Further to my last post on justice and mercy:
Coincidentally, I read on Bruce Charlton’s blog this morning about Christian churches which are either inordinately “sweet, broad and submissive,” or inordinately “harsh, narrow and tough”; how both are in error and we need to strike a balance between sweetness and harshness. I agree with that: Christian churches need to preach both mercy and justice, and not predominantly the one or the other.
Bruce acknowledges that most modern churches tend to err in the direction of sweetness, albeit with “other parts of Christianity” erring on the side of harshness. Based on my experience, both what I’ve experienced and what I’ve read about, I have to opine that the latter is quite rare.
I also read this morning about a recent homily of the Pope’s, in which he warns Christians not to become “rigid, moralistic, ethical, but without kindness.” This frightens people, he says, and chases them away. He’s right, of course. Preaching morals without also preaching charity is very unappealing. But I find it baffling that he seems to think the predominant problem in the Church today is excessive moralism!
Practically the only time I hear moral issues preached on at all in church, is when I go to the Traditional Latin Mass (TLM). Otherwise it’s pretty much all “sweet, broad and submissive”, to borrow Bruce’s phrase. (I might add that in the case of the TLM I attend, the moral preaching is certainly balanced with charity.)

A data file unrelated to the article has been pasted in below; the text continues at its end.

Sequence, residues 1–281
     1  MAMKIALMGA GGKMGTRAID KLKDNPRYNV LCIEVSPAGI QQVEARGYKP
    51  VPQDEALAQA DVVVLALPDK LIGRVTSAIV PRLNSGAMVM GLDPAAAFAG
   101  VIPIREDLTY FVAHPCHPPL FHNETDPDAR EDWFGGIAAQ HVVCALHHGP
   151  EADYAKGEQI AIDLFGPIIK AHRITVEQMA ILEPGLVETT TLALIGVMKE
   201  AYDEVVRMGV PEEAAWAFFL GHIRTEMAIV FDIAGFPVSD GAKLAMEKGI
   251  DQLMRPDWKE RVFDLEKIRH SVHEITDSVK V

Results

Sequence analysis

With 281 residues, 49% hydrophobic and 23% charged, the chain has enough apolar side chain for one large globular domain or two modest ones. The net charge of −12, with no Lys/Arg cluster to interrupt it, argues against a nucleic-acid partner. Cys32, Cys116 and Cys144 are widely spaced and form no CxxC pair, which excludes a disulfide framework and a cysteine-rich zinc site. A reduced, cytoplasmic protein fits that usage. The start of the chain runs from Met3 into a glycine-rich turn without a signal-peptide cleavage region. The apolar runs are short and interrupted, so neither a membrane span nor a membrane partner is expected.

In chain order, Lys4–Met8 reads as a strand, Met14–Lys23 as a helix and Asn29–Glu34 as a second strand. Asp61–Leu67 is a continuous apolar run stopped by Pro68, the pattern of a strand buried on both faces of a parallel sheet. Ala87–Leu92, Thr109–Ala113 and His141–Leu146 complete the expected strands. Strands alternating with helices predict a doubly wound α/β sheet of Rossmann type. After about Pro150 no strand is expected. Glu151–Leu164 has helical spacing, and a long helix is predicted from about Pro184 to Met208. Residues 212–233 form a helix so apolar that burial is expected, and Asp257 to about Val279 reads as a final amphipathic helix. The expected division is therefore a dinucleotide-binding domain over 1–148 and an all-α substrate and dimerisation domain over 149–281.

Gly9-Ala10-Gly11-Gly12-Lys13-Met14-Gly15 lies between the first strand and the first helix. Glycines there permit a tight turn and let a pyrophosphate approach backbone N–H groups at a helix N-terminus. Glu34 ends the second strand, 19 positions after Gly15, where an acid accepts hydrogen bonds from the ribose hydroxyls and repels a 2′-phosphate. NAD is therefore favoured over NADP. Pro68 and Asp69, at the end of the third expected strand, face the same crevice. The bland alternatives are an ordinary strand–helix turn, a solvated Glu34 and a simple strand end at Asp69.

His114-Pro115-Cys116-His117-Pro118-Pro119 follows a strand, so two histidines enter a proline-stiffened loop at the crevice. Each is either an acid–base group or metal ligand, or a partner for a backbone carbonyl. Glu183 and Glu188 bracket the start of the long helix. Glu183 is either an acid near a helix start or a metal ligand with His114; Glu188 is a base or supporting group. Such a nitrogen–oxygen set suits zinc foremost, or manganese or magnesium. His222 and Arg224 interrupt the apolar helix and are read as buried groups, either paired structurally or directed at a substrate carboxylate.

Now the Pope could be right, there could be an epidemic of moralistic preaching in the Church, without charity, and I have just managed to miss out on it. But if so, I would like to see some once in a great while in my neck of the woods. Even if it is all harsh and no sweet!
My sense is that it’s no longer a situation where people know right from wrong and just refuse to do right; rather, they don’t know right from wrong in the first place, because nobody’s preaching it. Preaching morals without charity may be bad. But is it any worse than preaching charity without morals?